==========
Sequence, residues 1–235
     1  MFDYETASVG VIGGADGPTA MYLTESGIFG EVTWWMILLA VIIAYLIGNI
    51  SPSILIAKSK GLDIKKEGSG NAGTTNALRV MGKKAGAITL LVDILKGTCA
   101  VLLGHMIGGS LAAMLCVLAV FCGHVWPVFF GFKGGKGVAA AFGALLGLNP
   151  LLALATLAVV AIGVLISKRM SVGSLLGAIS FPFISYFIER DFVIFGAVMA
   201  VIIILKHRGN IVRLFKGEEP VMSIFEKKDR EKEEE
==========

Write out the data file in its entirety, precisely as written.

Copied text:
Sequence, residues 1–235
     1  MFDYETASVG VIGGADGPTA MYLTESGIFG EVTWWMILLA VIIAYLIGNI
    51  SPSILIAKSK GLDIKKEGSG NAGTTNALRV MGKKAGAITL LVDILKGTCA
   101  VLLGHMIGGS LAAMLCVLAV FCGHVWPVFF GFKGGKGVAA AFGALLGLNP
   151  LLALATLAVV AIGVLISKRM SVGSLLGAIS FPFISYFIER DFVIFGAVMA
   201  VIIILKHRGN IVRLFKGEEP VMSIFEKKDR EKEEE